Examples of questions for the questionnaire

Here is an example of some questions from a questionnaire developed by Swedish Incubators & Science Parks (SISP) in 2016-2017, which adapted the EFQM model for expert evaluation of business incubators and conducted its research. 


  • What are the actions of management to define clear goals and plans for the development of the company?

  • How are key performance indicators and goal fulfillment tracked?


  • Is there communication between management and the team?  

  • Is there room for individual development of each employee? How do you evaluate each employee’s KPI?

  • How are new, highly qualified personnel attracted?  


  • How is the financing system organized, what sources of income are used? Are there any connections with the networks of "business angels"?  

Plans and strategies

  • Is there a process of discussing development plans between management and investors?

  • How does the decision-making process work in the company?

  • How clearly is the organization's mission outlined? Are employees aware of the goals and objectives of the organization?

Partners and resources 

  • How is the incubator integrated into the regional business community? Are different projects being implemented locally, nationally or internationally?

  • How easy is it for a startup to get access to the necessary infrastructure: office space, services?

Business development and client engagement

  • How are new ideas attracted?

  • What are the requirements for entry into a business incubator?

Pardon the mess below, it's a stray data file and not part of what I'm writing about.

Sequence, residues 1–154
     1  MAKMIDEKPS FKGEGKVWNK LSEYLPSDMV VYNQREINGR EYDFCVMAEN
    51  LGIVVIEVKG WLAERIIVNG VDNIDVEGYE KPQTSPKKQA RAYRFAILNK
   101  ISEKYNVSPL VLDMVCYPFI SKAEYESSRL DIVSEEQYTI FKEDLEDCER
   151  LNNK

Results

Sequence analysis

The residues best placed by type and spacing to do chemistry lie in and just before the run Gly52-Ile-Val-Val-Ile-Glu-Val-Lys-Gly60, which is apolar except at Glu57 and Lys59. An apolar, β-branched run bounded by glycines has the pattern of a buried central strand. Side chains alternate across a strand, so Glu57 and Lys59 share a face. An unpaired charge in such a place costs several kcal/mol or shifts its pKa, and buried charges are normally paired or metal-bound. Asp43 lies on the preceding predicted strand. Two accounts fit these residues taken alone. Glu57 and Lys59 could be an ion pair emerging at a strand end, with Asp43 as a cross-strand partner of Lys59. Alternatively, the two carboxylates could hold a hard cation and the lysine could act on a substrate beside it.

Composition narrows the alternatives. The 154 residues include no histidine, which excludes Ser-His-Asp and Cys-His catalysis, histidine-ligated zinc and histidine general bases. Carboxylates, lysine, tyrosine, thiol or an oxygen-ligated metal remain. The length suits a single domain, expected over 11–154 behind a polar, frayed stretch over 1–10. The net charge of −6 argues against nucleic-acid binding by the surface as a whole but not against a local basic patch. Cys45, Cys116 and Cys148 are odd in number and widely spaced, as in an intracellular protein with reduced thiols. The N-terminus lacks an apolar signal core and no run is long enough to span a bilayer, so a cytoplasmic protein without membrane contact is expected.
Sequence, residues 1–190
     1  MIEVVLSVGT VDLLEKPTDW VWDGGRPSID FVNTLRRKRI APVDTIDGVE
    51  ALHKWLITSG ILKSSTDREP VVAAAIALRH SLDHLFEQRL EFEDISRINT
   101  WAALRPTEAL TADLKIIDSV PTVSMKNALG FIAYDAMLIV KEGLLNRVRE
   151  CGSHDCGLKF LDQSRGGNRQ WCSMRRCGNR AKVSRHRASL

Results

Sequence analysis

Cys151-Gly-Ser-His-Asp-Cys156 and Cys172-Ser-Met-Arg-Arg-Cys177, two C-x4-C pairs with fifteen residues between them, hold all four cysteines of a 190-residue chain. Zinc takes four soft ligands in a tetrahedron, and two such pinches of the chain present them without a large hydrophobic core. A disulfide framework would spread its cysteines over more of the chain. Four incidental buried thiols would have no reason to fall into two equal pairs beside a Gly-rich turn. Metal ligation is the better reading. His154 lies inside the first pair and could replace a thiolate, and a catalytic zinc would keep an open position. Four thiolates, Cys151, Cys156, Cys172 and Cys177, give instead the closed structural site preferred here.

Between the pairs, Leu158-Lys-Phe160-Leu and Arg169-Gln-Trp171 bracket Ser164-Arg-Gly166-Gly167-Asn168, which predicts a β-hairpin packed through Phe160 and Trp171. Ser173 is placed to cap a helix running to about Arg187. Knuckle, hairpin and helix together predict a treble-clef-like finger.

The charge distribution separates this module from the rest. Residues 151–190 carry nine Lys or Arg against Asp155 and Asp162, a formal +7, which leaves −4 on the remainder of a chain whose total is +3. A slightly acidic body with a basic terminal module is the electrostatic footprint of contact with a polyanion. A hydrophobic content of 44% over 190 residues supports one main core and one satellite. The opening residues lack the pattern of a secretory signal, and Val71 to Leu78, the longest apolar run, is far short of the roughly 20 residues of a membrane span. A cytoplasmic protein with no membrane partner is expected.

• How is the progress of each startup monitored?

  • What is the procedure for exiting a business incubator?


  • Are activities carried out with startups coming out of the incubator, and are contacts maintained?

Peer Review  usage experience

One example of the use of the Peer Review method among business incubators was the IRIS project, created by a team from the Dalarna Science Park in Sweden with the support of the Swedish Institute under the Interreg Baltic Sea Region programme. The organizers assembled a team of 14 business incubators from Sweden, Latvia, Lithuania, Russia, Germany, Poland, Estonia, Finland, Denmark. In addition to the main goal of sharing experience between business incubators, the organizers for the first time applied Peer Review at the international level.

After the end of the project, the participants noted that the main advantage of Peer Review was the opportunity to look at themselves "from the outside", to see their work processes from an international perspective.  

In preparation for the visit of the experts, each of the participating hosts was able to discuss all the relevant problems with colleagues and learn something new for themselves. The exchange of experience and new acquaintances have led to the creation of new projects.

To get acquainted with the results of the study, as well as to download a sample document with questions that was created by the organizers for the participants of the project, please click here.

Peer Review’s main benefits
  • During the preparation of the answers to the questions you can find something new about your company, both positive and negative.  

  • Sharing experiences between similar organizations can help solve the problem (try asking a colleague, perhaps someone has already faced the problem).

  • Visiting new companies helps create new ideas.

  • The whole process takes place in a comfortable and friendly atmosphere, as the experts come not to harass or frighten you, but to help and inspire.

  • The focus of the experts is precisely on the strengths of the company, they will tell in which direction to move forward.

  • New acquaintances = new opportunities for joint cooperation.